What might not be so great is a sort of ‘celebrity adjacent Christianity’ that plays out on social media. There’s a challenge for us Christians to walk a line when the rich and powerful put their trust in the crucified king who brings an upside down kingdom, we’re so attracted by the idea of not being totally removed from the centre of power, hipness or hopness (look, that sentence pretty much guarantees I’m not those things…)… we might, for instance, celebrate that Kanye has apparently come home to Jesus and neglect to celebrate the miraculous in our own communities, and we might do this justifying it because we can leverage his coming home for the Gospel and market Jesus by promoting Kanye as a picture of miraculous repentance and the resurrecting life of Jesus… we might think that credibility for the Gospel comes from pointing people to the lyrics of the track God Is (which are great)… we might think Jesus needs the street-cred Kanye offers (or that, in this secular frame, we need that street cred), and we might even ironically disavow such street-cred as a way of building our own at the expense of those who seem to crave it (and this post is now walking a very fine line, I know). It’s so easy for us Christians in a celebrity obsessed age to want a fame adjacent Christianity; if not a Christianity that allows us to actually be famous (and there’s, of course, the Christian celebrity machine of pastors and bloggers and podcasters and worship leaders and contemporary Christian artists building platforms and reputation). It’s easy for us to want to leverage Kanye’s fame for the sake of proclaiming the Gospel, as if that works better with a celebrity endorsement. A “church communications” group I’m in has a thread trying to work out how to capitalise on the “POSITIVE WORLD WIDE publicity” that comes from Kanye’s album dropping.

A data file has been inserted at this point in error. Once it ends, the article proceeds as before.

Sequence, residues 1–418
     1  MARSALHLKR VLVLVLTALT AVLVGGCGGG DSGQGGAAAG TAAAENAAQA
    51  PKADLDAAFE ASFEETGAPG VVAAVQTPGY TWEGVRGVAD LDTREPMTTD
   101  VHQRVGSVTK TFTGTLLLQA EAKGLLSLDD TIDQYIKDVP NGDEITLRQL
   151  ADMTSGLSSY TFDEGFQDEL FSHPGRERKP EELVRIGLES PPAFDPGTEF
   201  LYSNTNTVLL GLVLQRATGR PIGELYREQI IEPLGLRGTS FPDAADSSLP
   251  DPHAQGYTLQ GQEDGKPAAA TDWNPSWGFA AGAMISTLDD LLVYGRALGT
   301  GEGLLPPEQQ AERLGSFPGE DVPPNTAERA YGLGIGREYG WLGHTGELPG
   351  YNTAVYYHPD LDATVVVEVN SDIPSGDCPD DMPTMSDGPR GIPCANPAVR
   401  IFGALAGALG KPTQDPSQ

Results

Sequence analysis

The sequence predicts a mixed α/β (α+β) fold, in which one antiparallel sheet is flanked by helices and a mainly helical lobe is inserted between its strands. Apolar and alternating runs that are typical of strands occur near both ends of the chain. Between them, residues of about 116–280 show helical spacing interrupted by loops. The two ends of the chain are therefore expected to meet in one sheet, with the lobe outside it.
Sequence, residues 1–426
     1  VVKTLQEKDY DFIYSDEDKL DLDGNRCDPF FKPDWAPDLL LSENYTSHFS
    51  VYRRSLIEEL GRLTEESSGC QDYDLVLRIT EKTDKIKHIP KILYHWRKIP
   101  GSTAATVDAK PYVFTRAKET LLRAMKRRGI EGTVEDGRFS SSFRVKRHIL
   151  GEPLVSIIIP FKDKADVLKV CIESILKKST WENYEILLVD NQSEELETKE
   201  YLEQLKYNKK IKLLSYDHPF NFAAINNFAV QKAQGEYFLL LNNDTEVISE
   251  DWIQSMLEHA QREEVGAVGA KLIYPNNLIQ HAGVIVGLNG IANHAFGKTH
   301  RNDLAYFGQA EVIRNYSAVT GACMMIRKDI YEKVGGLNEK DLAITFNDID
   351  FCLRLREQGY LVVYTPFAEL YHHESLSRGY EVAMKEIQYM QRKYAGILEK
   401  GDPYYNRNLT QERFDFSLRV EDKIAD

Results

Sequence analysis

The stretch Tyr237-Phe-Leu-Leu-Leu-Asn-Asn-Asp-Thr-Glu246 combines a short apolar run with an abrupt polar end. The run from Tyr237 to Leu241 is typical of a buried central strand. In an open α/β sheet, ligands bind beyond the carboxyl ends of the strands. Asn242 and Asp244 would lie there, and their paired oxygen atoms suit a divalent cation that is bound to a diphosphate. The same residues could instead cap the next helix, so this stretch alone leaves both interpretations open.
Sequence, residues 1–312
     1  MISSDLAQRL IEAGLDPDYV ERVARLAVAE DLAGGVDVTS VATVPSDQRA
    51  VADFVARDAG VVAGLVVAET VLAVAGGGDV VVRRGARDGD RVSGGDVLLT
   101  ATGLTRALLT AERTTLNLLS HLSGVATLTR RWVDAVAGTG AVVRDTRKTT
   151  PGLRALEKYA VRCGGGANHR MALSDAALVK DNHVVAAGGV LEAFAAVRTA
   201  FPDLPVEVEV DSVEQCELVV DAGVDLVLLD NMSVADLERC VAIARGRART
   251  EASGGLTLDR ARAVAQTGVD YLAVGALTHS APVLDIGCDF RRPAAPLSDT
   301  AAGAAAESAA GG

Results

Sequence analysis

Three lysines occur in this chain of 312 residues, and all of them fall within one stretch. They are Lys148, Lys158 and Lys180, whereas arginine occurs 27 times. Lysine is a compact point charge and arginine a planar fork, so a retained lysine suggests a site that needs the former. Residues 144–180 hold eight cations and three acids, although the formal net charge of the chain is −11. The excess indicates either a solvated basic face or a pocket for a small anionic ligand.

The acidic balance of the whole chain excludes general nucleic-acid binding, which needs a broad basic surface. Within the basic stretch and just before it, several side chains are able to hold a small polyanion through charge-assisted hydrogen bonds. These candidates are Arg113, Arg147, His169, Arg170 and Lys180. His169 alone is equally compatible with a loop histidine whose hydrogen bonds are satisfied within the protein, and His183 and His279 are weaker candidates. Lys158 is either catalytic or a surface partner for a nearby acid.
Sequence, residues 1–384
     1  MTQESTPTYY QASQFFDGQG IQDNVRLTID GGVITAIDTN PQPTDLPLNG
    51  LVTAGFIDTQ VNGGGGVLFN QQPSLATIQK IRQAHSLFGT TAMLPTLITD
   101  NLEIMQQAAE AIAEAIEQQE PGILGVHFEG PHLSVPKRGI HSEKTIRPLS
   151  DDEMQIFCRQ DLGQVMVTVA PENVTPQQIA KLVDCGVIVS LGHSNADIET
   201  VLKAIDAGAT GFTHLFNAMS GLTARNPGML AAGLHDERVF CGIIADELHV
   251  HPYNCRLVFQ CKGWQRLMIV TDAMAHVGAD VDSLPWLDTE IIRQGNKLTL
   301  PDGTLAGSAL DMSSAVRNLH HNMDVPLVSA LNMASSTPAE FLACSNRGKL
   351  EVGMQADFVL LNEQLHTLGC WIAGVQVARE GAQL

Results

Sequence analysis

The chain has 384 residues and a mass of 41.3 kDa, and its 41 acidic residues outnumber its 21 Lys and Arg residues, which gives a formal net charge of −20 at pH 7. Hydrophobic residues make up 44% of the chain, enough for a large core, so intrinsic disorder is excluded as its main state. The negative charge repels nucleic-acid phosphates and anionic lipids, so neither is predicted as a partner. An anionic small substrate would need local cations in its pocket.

This is a bad idea.

For starters, in Australia McCrindle Research studied the factors that make Christianity attractive or repellant for non-churched Australians, and one of their top ten most ineffective methods for promoting the Gospel was celebrity endorsements. 70% of Australians are repelled by celebrity Christian endorsements (source).

It’s also a bad idea because Jesus doesn’t need celebrity to be compelling. And celebrity itself, wealth and power, in Jesus’ own words, don’t necessarily line up with the kingdom of God; the kingdom where our king is famous for being executed in a humiliating way by the rich and the famous. They go together like camels and needles; which means, when a rich and famous person does come to put their faith and trust in Jesus it is a miracle, but also, that it’d be a mistake to make something exceptional seem normal or appealing.

But it’s also a bad idea because there’s always been a problem with God’s name being attached to representatives who take it up for personal gain and then drag it through the mud.

It’s so easy for us to feel legitimised by someone famous for something else being also famously Christian. I remember collecting basketball cards as a kid (never having watched an NBA game in my life, and being semi-obsessed with collecting cards featuring the Spurs’ David Robinson, because he was a Christian (he even appeared in a sports star Bible I enjoyed for a while). Now I just wikipediad him and it turns out he’s still a pretty all-round decent guy… but just imagine I’d been obsessed with, say, Jarryd Hayne as a young teenager in the last ten years, or Israel Folau as a middle aged, white, politically conservative pastor (you knew that was coming). The danger of attaching Christianity, or worse, Jesus to some celebrity brand is the same danger that comes for companies who attach their names to toxic celebrities (and we do a good enough job in house, as the church, of trashing the reputation of Jesus).

In 2016 Jarryd Hayne proclaimed publicly that his Christian faith shaped him; he became a Christian almost ten years earlier through his time with the Fijian Rugby League team. He said his faith helped him cope with the ups and downs of his career and the criticism he wore from the media, especially after he returned to Australia from his NFL adventure in the U.S.

He definitely read the Bible; he even proclaimed Jesus in this article: “You do read articles and you get upset and you want to get fired up but when you read the bible you realise, everyone hated Jesus, so you’ve got to put that into perspective as well and realise how much he stood up and was still him.’